First, that's only on OS X, sorry for folks running it on a different platform. Second, it's a bit of a lie, as I am talking about bug 448003.
Since we switched over to building from Mercurial, the code size tests we run were somewhat off on OS X. These tests basically measure the size of the code included in the product. For instance, right now, on Linux, it's reported at 15.7MB.
However, on OS X, they had been reporting 1.56GB! Obviously, this was a bug somewhere in the computation of this number, not the actual code size, so that's why the subject of this post is appropriately misleading.
Various hypothesis were put forward, including the fact it looked like it was off by precisely 100, so possibly a unit conversion problem, or something similar.
I've finally gotten around to it, and after some investigation, turns out it's more interesting than that. On OS X, we don't directly build universal binaries, but instead build once for i386 and once for ppc, then lipo the 2 builds together to form the final product.
To determine code size in this case, it would be misleading to count both architectures, so instead we pick one and size up that one. In our case, for historical reasons, that's the ppc version, even though our build boxes are Intel by now. Determining code size is done by parsing the output of /usr/bin/nm, an object dumping tool that nicely dumps the symbols list out of libraries and executables. Unfortunately, it dumps positions in the code, not size. So, to determine code size for a given function, just make sure addresses are sorted, then subtract the address of the previous function to the address of the current function, and you'll get the number of bytes that it takes up in the object file. Simple, right ?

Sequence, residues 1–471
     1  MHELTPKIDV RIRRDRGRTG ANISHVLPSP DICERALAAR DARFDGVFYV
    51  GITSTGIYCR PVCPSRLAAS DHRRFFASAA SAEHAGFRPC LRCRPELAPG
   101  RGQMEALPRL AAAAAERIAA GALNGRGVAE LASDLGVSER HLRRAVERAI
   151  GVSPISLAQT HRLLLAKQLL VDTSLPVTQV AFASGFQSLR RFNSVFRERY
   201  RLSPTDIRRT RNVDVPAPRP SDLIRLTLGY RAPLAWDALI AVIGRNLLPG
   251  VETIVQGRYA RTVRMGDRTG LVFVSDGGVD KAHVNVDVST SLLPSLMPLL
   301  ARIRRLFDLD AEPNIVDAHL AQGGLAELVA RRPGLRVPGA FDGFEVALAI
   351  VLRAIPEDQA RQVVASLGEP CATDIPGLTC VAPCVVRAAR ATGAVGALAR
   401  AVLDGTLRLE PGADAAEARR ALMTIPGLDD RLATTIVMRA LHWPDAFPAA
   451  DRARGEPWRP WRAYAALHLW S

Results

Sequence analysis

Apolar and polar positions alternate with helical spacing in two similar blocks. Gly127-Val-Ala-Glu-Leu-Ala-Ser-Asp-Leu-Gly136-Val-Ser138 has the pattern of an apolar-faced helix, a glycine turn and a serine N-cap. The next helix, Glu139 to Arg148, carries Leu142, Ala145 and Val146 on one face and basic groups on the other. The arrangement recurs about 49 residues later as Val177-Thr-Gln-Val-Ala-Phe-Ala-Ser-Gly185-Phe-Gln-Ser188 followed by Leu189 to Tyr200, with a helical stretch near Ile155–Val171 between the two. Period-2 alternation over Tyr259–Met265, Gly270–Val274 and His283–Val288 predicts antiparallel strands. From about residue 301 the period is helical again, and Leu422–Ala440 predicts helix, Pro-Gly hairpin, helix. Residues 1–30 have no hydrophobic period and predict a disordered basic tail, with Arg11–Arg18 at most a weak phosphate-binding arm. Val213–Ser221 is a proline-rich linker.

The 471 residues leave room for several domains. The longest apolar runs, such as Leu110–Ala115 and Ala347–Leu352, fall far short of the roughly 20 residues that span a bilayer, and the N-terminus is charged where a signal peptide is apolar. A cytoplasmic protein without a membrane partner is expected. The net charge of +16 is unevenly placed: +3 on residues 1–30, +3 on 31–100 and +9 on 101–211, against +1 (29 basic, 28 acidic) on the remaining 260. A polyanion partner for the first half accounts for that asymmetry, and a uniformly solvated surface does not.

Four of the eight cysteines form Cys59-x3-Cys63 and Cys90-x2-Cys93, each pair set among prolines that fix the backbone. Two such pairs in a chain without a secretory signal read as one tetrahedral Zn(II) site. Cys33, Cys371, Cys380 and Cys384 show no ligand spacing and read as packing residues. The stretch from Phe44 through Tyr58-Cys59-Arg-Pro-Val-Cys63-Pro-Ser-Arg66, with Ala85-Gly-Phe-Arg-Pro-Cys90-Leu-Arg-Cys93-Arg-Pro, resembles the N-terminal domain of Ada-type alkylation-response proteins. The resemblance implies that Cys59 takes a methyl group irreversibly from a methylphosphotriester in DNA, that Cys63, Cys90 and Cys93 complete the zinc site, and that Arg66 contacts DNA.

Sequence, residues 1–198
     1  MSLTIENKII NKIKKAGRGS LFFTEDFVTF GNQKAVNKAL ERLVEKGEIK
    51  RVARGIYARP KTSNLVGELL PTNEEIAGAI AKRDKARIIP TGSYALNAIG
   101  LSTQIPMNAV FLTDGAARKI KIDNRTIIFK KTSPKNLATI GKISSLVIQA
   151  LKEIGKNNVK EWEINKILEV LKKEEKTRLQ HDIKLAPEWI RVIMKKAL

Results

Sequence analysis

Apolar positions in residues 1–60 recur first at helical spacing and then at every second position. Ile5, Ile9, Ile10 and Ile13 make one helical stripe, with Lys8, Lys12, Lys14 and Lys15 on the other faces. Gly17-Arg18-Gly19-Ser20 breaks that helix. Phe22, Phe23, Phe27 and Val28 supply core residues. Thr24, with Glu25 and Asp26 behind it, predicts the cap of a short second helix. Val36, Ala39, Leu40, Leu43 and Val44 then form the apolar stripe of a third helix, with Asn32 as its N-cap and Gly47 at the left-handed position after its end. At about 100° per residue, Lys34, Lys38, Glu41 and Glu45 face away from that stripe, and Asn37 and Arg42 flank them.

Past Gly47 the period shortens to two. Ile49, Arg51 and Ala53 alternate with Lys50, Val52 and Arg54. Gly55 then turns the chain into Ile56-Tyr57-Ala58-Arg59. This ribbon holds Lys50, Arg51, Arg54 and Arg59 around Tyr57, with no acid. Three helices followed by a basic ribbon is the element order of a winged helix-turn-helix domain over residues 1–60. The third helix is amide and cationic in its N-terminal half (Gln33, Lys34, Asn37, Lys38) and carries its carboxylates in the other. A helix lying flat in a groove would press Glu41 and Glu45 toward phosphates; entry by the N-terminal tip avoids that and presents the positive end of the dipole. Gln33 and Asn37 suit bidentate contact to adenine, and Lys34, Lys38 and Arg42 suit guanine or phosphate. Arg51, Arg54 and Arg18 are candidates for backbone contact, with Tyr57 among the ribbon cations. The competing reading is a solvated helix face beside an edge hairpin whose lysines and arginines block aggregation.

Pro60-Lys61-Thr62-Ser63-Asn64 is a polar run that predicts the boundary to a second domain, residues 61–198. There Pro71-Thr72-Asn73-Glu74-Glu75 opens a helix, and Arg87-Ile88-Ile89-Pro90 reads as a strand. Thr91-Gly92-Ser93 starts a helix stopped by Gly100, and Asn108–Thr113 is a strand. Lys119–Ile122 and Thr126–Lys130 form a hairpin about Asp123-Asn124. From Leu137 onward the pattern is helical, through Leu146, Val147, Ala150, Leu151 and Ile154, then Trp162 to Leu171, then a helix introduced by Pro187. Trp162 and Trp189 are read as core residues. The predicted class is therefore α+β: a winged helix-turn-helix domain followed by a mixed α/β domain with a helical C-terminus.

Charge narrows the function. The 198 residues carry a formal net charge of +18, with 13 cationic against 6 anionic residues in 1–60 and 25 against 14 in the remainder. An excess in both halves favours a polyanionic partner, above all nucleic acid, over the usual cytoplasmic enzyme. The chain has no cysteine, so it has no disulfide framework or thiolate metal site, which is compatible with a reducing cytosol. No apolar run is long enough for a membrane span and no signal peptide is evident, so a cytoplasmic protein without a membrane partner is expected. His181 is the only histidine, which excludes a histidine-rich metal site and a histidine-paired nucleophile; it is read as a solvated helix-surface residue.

Well, for some reason, not yet explained, on ppc, there is a strange symbol called trampoline_size that exists first in the list of symbols and sits at address '0'. However, right after it is the next symbol, strangely sitting at the address 0x20000000. That's 536870912 bytes further, if we believe what this is telling us. Of course, this is bogus. I am not entirely certain what this about, but if I could venture a guess, I'd have to say it has to do with the ppc executable format, OS X, and their ability to transparently run ppc binaries on Intel. Anybody that knows OS X/PPC better than me, feel free to correct me on this.
libnspr4.dylib: 00000028 a trampoline_size
libnspr4.dylib: 20000000 t __mh_dylib_header
libnspr4.dylib: 20001a7c t dyld_stub_binding_helper
Now that the problem is somewhat understood, it was a simple matter of teaching the code size stuff to ignore symbols like that on OSX/ppc and start at the next one. As you can see from the Tinderbox boxes, it was still pretty impressive to see such a large code size decrease! Oh, and SeaMonkey got the same drop in size, for the same reason.